Some people go away for their holidays... and then there’s me, who takes four weeks leave to build shed.
There was sort of a plan - a couple of drawings and some framing layouts, but nothing spectacular. After a year and a half of collecting unwanted timber, house wrap, insulation, Colorbond, trim, OSB and screws from local house construction, I was ready to go. Purchased some framing timber, flooring and timber for the subfloor, five sheets of OSB and the Ryobi 3 piece nailer / stapler set. Add two secondhand windows and assorted flashing and fixings, stir in a dollop or door hardware and cap with the 5.1m x 240mm LVL bearer I found on the side of the road.
Solved! See most helpful response
How exciting @Kiwifr33. Looking forward to seeing your progress.
Let us know if you need a hand with anything, although it looks like you have it covered!
Great work, and thanks for sharing.
Picking away at the cladding and we have a door, not too much progress this weekend after getting a call at work on Friday of the 'Can you fix this or do we need a plumber?' variety...
Two main reasons for going Dutch, she had already suggested it and I liked the idea, especially for ventilation, as the windows wind out from the bottom on those safety chains. So they don’t open that far, but can suck in air lower down and it can rise out the top part of the door.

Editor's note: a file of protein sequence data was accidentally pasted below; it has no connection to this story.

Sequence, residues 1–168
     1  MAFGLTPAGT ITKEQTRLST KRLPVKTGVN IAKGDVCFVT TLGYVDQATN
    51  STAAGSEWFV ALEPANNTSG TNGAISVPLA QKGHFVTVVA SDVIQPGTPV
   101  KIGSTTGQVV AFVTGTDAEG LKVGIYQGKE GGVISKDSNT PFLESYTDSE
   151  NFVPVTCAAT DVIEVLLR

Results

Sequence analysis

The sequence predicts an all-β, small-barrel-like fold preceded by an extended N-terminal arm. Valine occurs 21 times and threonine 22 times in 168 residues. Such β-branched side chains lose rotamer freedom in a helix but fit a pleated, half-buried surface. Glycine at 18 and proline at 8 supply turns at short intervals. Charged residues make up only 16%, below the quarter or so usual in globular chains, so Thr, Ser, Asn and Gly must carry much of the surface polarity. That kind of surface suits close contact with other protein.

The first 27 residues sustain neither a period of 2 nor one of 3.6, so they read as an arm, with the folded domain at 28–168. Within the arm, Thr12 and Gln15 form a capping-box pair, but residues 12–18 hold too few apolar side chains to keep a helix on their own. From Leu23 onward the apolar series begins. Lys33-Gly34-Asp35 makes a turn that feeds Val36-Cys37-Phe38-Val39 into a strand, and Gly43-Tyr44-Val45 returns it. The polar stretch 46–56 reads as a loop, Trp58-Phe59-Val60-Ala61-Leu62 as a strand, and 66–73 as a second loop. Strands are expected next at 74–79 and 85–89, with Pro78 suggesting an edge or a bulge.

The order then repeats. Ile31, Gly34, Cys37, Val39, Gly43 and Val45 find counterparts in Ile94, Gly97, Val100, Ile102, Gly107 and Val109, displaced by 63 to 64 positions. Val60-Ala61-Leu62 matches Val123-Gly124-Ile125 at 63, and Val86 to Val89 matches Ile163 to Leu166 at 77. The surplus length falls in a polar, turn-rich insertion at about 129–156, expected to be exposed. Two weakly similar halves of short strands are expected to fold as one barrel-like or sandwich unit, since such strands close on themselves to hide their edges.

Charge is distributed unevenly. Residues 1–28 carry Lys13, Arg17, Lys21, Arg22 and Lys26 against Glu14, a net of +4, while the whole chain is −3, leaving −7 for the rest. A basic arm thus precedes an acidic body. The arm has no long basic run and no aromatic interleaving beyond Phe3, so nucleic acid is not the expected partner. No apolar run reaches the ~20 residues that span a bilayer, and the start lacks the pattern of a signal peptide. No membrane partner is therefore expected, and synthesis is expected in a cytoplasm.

The other reason is that I was in a bit of a hurry to get things to lockup (even though all my tools have been sitting in the garage for long enough unharmed) and was lazy. It’s two skinny doors (cupboard maybe? Lions auction) and rather than laminate them properly I screwed them together, adding the braces and some 19mm Tassie oak strips on the top and bottom. I was fairly tight already on the rough opening because I’d used an off cut of LVL for the header and the trim took me over. Planing wasn’t enough, so I went Dutch and took about 20mm out of the middle.
The height of the panels on the other side (pic) dictated the split proportions.
Update: moving in, picking away at internal walls. Biggest plus: only hammering can be heard from the house, no power tool noise bleeds through.
Welcome to Workshop @Farside and thanks for joining in the discussion. We trust that you will get loads of helpful advice and inspiration for your projects from our clever and creative community members. Feel free to post whenever you need a hand or have a new project to share.
Let me tag @Kiwifr33 for you so he is alerted to your question about the shed dimensions. It would also be great to get an update on how the shed is looking now.